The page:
REVIEW: Costa Rica’s Oscar Entry Is a Sympathetic Look at a Woman Unraveling in the Face of Motherhood

Courtesy of Seattle International Film Festival

In many traditional Latin American families, women are responsible for the kids, cleaning, cooking and so much more. Their husbands offer little help in this regard, their chores are a bit more singular: make money. In Antonella Sudasassi’s El despertar de las hormigas (The Awakening of the Ants), these gendered expectations prove to be too much pressure for one unhappy mother.

Isabel (Daniela Valenciano) is a mother on the verge of a nervous breakdown. Amid the kid-induced chaos and the burden of her husband’s pushy family, Isabel, or Isa as others call her, becomes increasingly discontent with her life. She struggles to control her two daughters, Valery (Isabella Moscoso) and Nicole (Avril Alpizar), and her husband, Alcides (Leynar Gomez), is oblivious to what she’s going through. But the audience sees what’s roiling around in her mind: visions of ants, fear of hair loss and smashing the cake she’s so meticulously decorated but her in-laws so casually dismiss. These daydreams and nightmares are sometimes so plausible, that even the viewer can lose track of whether or not these are real or imagined situations — until there’s a moment where she snaps out of a fantasy. However, not all of the moments end so neatly.

Written and directed by Sudasassi, The Awakening of the Ants is her first feature and has been chosen as Costa Rica’s selection for the Best International Feature Film joining over 90 films from around the world in the competition to make the Oscars’ shortlist. Only a handful of titles will advance to the next round of Oscar voting. Last year, Alfonso Cuarón finally won Mexico’s first award for Roma in what was then known as the Best Foreign Language Film.

In The Awakening of the Ants, there’s a light, sunny quality to Andrés Campos’s imagery. It’s as if Isa’s life should be as idyllic and dreamy as it looks. However, we can see beneath the surface that her passive smile is a mask, one that she’s forced to wear while caring for everyone’s needs but her own. No one really asks her how she’s doing, and if they try, Isabel doesn’t open up. The pressure to be a good mom can mean never allowing yourself to confess that you’re struggling to do the impossible, a situation that’s hardly limited to Isabel. The only person to get close to any truth is Isabel’s friend, Mireya (Carolina Fernandez), who gets her clothes hemmed as the two talk and convinces Isabel to go out for one night. Of course, it’s a night Isabel where runs into trouble both in and out of her home.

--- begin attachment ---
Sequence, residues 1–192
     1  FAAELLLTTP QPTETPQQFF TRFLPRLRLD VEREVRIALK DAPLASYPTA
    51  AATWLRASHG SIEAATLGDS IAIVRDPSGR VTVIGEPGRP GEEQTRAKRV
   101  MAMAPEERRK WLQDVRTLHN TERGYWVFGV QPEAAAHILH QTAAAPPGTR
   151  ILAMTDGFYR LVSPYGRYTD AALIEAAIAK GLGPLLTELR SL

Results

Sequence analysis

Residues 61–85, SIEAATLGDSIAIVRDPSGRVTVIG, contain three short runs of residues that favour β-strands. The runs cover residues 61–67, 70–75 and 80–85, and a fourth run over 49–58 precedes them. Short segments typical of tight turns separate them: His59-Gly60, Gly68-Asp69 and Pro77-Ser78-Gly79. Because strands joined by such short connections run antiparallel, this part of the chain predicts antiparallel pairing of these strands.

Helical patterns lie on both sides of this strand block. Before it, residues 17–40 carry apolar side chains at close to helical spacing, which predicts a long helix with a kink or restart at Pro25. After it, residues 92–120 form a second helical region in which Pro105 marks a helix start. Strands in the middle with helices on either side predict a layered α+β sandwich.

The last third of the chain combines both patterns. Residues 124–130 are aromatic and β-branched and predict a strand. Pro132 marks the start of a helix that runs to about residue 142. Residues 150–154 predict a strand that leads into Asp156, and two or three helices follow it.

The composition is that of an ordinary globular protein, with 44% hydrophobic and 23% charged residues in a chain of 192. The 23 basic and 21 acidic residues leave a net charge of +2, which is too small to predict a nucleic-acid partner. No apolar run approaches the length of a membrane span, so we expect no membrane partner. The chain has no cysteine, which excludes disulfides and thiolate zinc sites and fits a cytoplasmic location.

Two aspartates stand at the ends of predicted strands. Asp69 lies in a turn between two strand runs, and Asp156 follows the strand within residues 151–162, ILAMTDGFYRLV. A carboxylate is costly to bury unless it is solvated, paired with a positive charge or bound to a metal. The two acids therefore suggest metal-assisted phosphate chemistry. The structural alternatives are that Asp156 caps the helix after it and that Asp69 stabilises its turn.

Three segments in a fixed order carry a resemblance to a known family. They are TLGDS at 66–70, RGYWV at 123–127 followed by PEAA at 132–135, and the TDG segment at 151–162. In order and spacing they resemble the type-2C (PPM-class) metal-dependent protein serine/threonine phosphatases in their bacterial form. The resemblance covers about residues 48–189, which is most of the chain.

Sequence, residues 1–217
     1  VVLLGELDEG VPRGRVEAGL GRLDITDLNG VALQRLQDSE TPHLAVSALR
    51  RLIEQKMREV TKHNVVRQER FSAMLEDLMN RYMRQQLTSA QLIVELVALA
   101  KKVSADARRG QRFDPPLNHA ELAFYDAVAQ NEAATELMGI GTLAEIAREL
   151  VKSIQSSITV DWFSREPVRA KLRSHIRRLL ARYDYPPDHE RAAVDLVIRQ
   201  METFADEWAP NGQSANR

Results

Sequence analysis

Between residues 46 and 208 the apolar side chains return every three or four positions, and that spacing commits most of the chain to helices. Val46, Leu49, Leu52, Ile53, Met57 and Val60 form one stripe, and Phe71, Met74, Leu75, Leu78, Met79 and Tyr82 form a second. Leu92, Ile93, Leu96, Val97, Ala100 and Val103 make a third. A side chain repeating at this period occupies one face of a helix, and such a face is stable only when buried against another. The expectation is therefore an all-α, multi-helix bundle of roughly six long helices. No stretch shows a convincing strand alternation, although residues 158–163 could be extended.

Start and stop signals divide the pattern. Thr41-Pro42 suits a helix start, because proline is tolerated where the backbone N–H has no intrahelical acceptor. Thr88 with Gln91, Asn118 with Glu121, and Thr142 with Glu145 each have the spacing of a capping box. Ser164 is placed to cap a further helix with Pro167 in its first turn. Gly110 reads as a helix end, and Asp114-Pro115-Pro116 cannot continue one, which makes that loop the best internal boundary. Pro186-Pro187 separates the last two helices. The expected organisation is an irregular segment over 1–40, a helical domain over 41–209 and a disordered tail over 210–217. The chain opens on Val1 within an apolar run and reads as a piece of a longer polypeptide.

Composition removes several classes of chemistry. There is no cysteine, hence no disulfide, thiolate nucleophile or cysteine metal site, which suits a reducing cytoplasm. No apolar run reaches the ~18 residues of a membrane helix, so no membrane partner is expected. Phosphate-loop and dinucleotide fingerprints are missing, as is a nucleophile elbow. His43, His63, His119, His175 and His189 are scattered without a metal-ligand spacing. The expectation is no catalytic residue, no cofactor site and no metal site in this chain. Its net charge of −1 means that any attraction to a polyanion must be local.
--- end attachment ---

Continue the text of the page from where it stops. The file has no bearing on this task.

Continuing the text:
Part of what pushes Isabel to the edge is the ongoing pressure from her family to have more children. Alcides asks for a son, one that will carry on his name and give him a sense of macho pride. Isabel’s two precocious daughters beg their mother for a little brother, and they unintentionally guilt her when playing with their young cousin at church. They coo and try to play with him, causing him to fuss during the service. Isabel tries to remove the noisy distraction, but she becomes lost in thought. She can’t do this again. As it is, even everyday problems like hiccups, a piece of gum stuck in one of her girl’s hair, who’s going to pick up her kids and how to teach the little ones to braid their hair feel like a constant source of stress for Isabel, as if she were an always on-call doctor at an ER.

The tensions in her marriage become unintended catalysts for Isabel to find her voice. Their sex life has become less about passion and more about her husband’s goal for a son and her unresponsive face trying to hide her true objections. They fight over his mother picking up her kids from school without Isabel’s permission. His family judges her inability to wrangle her rambunctious girls to sit and behave in the church. Sudasassi depicts Isabel as isolated, alone in figuring herself out and watching over her daughters. It’s a maddening sensation that only intensifies over time.

For religious families like Isabel’s, her decision to go on birth control is an unforgivable sin, and her sister-in-law threatens to tell her brother, Alcides, what Isabel is doing behind her husband’s back. In a country where abortion is still difficult to obtain, a woman fighting for control of her body, even in a tiny act like saving up for birth control pills or telling her husband she wants no more kids, feels radical.

Isabel’s long, timid journey into standing up for herself takes on both literal and figurative forms. When she finally speaks up for her wants, she is standing while her husband sits, finally listening to her. The ants of her restless imagination are not bothering her now. After several scenes of Isabel watching her long flowing black hair — a sign of youth and femininity — fall out, she ultimately cuts her daughters’ hair short as if to signal that they will not be forced to follow in the same oppressive footsteps she was forced into. Although some of the recurring themes and motifs may feel heavy-handed at times, they effectively drive home Isabel’s frustrating experience of so-called domestic bliss, challenging anyone in her position to reclaim their agency.

El despertar de las hormigas is Costa Rica’s submission for the Best International Film category at the 92nd Academy Awards.